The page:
Definition of gray area in English:

gray area


  • An ill-defined situation or field not readily conforming to a category or to an existing set of rules.

    ‘gray areas in the legislation have still to be clarified’
    • ‘Once again, its one of those grey areas where there needs to be a change in the law.’
    • ‘This new legislation has cleared up the grey area of who is responsible for identifying and managing asbestos in the work place.’
    • ‘There are a lot of grey areas here, and it could descend into a legal quagmire,’ Weatherburn said.’
    • ‘This legislation is being promoted as being something that simplifies things, but there's still a lot of grey areas there.’
    • ‘Indeed, the role of journalists and the media in dealing with criminals or suspected felons is a grey area with undefined boundaries.’
    • ‘Is anybody else amazed at just how many gray areas there are in the football rules?’
    • ‘Indian service tax rules have a lot of grey areas.’
    • ‘In fact, there are a lot of gray areas regarding client trust accounts.’
    • ‘There are some scenarios where the right direction is pretty obvious, but there also are gray areas where the decision isn't as clear cut.’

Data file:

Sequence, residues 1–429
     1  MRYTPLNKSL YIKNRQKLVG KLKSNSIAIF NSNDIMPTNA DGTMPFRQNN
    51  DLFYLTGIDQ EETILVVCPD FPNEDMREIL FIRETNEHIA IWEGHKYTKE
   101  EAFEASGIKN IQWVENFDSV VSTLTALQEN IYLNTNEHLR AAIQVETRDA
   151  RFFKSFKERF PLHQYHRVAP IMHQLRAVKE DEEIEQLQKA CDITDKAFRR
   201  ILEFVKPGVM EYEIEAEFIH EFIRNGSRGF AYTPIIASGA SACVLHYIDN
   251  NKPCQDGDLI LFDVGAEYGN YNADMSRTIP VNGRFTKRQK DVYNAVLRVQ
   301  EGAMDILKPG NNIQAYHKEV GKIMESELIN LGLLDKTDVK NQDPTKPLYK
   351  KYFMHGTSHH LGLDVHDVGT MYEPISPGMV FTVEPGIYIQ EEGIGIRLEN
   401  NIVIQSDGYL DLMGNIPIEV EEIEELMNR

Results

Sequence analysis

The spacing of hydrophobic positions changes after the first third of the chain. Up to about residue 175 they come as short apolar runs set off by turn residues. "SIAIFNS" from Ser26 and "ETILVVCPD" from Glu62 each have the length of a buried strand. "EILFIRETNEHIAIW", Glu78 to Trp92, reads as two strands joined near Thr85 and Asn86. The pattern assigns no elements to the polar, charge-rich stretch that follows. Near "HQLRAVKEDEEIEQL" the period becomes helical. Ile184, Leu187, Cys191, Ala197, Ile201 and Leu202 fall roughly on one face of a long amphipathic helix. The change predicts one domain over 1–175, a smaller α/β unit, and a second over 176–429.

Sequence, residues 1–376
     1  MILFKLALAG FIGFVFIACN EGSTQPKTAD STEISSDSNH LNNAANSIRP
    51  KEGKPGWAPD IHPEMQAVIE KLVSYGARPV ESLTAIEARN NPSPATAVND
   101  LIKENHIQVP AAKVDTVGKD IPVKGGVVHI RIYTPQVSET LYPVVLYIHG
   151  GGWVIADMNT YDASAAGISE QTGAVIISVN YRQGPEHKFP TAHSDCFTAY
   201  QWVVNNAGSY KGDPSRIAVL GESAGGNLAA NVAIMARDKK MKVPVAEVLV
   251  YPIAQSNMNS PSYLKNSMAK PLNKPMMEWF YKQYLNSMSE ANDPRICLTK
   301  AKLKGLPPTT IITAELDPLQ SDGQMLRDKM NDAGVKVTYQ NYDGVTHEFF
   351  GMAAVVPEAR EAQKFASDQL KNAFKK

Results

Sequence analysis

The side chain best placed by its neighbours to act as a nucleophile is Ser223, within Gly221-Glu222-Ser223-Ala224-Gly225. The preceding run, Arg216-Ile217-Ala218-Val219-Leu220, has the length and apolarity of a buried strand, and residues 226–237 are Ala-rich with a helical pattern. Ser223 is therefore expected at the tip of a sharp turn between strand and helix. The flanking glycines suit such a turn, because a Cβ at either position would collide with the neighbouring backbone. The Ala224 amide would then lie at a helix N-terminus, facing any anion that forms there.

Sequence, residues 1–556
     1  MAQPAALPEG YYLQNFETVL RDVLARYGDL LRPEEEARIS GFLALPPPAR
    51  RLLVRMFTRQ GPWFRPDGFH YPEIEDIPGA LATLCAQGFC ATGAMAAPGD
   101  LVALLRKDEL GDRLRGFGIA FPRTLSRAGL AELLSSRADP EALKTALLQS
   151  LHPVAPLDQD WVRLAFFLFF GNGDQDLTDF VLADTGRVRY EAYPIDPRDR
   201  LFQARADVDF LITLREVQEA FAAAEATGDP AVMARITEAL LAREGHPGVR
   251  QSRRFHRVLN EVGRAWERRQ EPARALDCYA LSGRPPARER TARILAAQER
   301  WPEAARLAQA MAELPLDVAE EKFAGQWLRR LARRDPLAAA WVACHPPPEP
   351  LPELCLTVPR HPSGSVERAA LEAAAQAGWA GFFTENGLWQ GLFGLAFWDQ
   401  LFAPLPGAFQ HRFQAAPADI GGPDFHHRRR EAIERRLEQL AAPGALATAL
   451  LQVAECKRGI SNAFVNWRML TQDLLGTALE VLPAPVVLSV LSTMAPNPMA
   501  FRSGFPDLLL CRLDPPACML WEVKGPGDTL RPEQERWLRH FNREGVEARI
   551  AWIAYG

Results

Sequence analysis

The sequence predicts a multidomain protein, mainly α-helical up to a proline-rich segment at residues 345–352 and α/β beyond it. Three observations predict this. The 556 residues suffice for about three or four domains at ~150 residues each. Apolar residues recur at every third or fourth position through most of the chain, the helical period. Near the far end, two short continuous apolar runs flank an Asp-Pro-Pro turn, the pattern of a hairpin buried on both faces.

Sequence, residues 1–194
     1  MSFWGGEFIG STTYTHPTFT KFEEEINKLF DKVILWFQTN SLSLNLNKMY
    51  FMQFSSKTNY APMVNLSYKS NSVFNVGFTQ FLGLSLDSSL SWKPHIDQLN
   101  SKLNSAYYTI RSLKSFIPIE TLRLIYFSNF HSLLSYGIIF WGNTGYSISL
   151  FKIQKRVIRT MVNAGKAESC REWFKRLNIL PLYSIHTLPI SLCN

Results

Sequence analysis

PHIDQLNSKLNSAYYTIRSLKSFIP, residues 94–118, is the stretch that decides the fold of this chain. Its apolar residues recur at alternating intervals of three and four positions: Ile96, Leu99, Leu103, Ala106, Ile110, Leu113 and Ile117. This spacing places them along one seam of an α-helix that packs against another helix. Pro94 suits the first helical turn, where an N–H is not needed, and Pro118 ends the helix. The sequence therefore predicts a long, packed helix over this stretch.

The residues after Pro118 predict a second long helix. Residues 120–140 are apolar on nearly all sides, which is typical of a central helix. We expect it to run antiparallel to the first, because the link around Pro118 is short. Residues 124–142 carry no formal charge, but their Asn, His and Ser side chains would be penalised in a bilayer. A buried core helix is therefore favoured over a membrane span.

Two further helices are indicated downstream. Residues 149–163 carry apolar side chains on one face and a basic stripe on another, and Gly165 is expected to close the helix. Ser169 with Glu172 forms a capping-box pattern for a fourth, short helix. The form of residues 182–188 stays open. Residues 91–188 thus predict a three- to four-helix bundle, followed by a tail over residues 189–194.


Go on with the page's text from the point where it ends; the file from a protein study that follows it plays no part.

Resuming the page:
• ‘According to Cohen, while Canada is making significant strides on the gay marriage front, there are still many legal grey areas for gay parents.’
    • ‘The older I get the more the issue of crime and punishment becomes a grey area.’
    • ‘There are indeed many grey areas within this issue, but I am quite sure that the law is correct in maintaining euthanasia's illegality.’
    • ‘Of course, this is one of Formula One's many great grey areas, can all teams withdraw on safety grounds en masse, and not be penalised.’
    • ‘I used to be idealistic enough to think that all the world was clean and tidy, that rules were rules, that there were no gray areas anywhere.’
    • ‘Many small businesses feel that imposing a blanket ban will avoid any confusion over grey areas in the legislation.’
    • ‘Whilst its existence and much of the conduct of its affairs may not be actually secret or secretive, it can be seen as a global institution whose role and position in world affairs are grey areas.’
    • ‘Hard-and-fast rules leave no room for gray areas, and we women are always complicated.’
    • ‘We have cleared up a number of grey areas, and a number of situations where the existing legislation was unclear about lines of accountability and responsibility.’
    • ‘Furr isn't opposed to exploiting the gray areas in the NASCAR rule book - actually, that's half the challenge.’
    • ‘But it goes to show that people back then, who had very little in materialistic terms, had an instinctive sense of right and wrong with no grey areas in between.’


gray area

/ɡrā ˈerēə/